When Olympus and Panasonic announced their new Micro Four Thirds standard in early August, everyone expected Micro Four Thirds to quickly make its way to point and shoot cameras. That will still likely happen as there are many advantages to using the comparatively huge Four Thirds sensor in P&S cameras to break them out of the technology wall imposed by current resolutions on the tiny P&S sensors.


What was not foreseen was a Panasonic G1 Micro Four Thirds system camera with top-drawer features, 12MP Live MOS sensor, and a 3" tilt-and swivel LCD like the one featured on the Olympus E-1. Most assumed Olympus was the driving force behind Micro Four Thirds, but now it appears Panasonic pushed this standard to market.

In many ways this move really makes sense as Panasonic, who is a major player in other optical imaging, has a miniscule market share in the DSLR market, with DSLRs featuring Leica optics that mount on Olympus/Panasonic Four Thirds mount. It is no secret Panasonic makes the Olympus sensor as well as their own, and Panasonic would dearly love a much larger share of the sensor market than they now have. Sony is their major rival in other optical markets and Sony is dominant in the digital sensor market with only Canon as major competition. Panasonic wants a larger piece of that pie.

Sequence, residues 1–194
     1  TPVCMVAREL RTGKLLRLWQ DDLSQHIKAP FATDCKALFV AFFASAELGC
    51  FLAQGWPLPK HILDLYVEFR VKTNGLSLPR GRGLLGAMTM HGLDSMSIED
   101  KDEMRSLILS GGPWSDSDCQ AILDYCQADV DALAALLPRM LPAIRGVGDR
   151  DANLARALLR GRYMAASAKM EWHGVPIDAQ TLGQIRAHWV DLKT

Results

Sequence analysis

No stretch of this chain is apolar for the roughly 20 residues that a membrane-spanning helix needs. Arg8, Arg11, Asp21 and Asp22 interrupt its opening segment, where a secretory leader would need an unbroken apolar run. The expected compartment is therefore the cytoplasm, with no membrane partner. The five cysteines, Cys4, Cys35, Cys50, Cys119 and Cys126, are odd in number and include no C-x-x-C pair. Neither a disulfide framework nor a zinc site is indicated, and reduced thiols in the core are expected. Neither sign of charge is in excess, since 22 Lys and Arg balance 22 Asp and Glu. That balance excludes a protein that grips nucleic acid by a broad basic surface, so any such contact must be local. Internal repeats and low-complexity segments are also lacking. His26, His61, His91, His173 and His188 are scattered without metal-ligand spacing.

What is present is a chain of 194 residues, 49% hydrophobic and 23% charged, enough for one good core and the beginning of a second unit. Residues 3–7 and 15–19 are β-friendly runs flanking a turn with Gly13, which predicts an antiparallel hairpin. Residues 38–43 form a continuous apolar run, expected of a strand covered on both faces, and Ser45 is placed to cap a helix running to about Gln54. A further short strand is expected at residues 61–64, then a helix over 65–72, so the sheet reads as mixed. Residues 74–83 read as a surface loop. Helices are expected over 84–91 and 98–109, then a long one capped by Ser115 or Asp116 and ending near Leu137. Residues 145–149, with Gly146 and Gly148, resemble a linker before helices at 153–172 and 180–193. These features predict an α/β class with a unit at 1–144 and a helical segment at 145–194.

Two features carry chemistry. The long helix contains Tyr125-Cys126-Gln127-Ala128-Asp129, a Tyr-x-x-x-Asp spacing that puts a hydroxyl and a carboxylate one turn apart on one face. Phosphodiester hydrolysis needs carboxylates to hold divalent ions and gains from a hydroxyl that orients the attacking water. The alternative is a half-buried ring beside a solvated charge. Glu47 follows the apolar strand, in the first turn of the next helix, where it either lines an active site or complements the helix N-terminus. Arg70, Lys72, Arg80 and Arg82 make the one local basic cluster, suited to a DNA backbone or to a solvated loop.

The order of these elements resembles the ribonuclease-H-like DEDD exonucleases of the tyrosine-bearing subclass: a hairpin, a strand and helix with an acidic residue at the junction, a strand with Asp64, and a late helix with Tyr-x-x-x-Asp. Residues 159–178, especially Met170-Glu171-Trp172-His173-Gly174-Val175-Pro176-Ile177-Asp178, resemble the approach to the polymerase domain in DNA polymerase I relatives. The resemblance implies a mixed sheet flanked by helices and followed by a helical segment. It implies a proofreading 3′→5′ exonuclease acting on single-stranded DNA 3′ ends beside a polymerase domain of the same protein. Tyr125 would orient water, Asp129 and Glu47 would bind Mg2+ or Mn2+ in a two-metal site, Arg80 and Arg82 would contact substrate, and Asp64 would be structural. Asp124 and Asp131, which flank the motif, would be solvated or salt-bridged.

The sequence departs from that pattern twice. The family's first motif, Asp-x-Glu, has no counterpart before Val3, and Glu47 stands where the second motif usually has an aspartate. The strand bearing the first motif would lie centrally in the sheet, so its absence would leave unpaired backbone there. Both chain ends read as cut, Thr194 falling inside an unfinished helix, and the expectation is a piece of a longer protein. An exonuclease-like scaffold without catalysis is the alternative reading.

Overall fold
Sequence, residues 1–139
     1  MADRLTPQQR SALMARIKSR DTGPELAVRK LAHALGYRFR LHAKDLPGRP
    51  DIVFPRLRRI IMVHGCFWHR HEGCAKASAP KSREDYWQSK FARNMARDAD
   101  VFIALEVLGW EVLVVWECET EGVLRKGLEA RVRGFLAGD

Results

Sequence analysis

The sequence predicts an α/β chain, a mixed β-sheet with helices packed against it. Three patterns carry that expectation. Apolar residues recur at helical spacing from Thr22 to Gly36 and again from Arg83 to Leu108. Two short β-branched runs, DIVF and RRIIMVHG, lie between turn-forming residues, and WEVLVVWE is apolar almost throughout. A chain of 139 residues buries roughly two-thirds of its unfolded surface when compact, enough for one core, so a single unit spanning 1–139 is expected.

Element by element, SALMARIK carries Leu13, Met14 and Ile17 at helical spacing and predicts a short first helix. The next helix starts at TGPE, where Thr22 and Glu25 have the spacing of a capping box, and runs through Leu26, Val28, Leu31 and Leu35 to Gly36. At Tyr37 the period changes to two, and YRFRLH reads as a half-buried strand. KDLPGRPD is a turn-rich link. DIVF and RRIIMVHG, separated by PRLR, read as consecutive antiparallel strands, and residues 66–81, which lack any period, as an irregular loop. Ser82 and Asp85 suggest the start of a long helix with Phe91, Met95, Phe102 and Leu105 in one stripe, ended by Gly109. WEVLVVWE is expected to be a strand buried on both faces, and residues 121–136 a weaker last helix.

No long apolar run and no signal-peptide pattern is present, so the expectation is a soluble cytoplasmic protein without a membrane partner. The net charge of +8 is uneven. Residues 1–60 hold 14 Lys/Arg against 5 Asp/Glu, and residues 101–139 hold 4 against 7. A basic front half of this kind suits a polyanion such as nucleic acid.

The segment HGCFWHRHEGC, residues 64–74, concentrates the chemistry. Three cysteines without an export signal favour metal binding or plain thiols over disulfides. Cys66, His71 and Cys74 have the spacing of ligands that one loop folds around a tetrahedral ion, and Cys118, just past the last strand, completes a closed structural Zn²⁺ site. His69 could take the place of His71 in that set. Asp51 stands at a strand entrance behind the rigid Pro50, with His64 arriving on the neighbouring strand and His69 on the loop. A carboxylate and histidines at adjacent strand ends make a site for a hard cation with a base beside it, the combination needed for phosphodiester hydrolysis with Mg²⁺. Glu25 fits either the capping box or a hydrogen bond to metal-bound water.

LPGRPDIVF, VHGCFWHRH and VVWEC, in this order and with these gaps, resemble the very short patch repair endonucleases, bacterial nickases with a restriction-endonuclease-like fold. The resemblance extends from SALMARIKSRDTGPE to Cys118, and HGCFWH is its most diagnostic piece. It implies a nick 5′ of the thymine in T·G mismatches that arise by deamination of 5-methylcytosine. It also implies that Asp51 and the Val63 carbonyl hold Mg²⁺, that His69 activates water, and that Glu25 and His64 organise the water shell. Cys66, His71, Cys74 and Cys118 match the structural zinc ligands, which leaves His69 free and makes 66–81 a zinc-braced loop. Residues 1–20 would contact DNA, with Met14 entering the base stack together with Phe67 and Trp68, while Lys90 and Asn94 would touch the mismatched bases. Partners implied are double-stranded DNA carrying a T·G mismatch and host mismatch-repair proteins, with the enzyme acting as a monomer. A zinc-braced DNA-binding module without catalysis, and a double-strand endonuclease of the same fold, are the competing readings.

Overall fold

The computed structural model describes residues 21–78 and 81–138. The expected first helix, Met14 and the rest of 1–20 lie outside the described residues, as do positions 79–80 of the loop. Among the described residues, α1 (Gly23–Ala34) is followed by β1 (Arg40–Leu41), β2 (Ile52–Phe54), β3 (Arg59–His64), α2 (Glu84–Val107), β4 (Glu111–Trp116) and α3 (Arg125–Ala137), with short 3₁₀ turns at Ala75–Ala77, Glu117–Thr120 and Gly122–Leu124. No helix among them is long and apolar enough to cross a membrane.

What is Micro Four Thirds?
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  • computerfarmer - Thursday, November 27, 2008 - link

    There is a detailed review at the following site.
    http://www.digitalcamerainfo.com/content/Panasonic...">http://www.digitalcamerainfo.com/conten...ix-G1-Di...